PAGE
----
“I was surprised to be pleased and proud and happy that America had finally turned a corner, but things don’t change just because of colour. We’ll always criticise whoever is in the White House because we think they should be doing better. And we’ll always tease whoever is caught with their pants down like Tiger Woods last year. That doesn’t change, that won’t change.”

When he looks around at his homeland, he sees a country which is still trying to work it all out. “America still has some growing to do. It’s a very young country. We think of it sometimes as having this long, long history full of events, but we don’t have a long history of anything. So the fact that it’s starting to feel some growing pains is not unusual.

“There was no black America when they started this country. Black people were involved in this country before it was a country, but as far as any opportunities to take advantage of it, that just started in the last 30 or 40 years.”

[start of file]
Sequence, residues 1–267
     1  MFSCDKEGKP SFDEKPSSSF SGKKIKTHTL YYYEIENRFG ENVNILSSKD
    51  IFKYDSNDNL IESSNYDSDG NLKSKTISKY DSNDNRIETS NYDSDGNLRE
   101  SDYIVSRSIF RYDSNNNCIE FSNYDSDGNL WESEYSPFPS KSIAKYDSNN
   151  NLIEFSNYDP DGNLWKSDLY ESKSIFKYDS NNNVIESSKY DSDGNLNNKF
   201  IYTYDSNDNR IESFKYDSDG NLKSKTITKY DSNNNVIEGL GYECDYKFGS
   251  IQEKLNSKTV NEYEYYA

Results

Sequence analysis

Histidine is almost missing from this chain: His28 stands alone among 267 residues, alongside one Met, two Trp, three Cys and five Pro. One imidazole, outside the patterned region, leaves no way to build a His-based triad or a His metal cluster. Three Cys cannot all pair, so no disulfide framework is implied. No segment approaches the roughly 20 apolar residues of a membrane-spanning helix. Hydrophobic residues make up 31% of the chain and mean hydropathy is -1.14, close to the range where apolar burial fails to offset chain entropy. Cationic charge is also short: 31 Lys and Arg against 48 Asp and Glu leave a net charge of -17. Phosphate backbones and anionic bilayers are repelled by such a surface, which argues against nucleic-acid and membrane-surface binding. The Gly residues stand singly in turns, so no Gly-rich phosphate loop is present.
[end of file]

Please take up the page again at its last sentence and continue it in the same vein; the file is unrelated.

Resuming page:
Scott-Heron will spend the rest of this year making the most of the attention which “I’m New Here” has brought. There’s some selective European shows in April, talk of festival shows in the summer and that Martin Luther King book too.

So what can we expect from a Scott-Heron show in 2010? “It’s a mixture of stuff”, he says. “There’s spoken word, there’s what some might call rap and there’s the songs that people will know that we’re famous for. Nothing from the new album, though. I never try to create a false demand like others. I’ll start doing songs from that album when the album comes out and when people hear it and when people want to hear me perform some. I doubt anyone has heard all twenty-five of my albums anyway.”

And beyond that, the old trooper says don’t write him off yet because there may well be more to come. “I’m hoping that I have enough material and enough strength to finish out the contracts that I have already signed. That will do me.”

Album producer and XL label boss Richard Russell on working with Gil Scott-Heron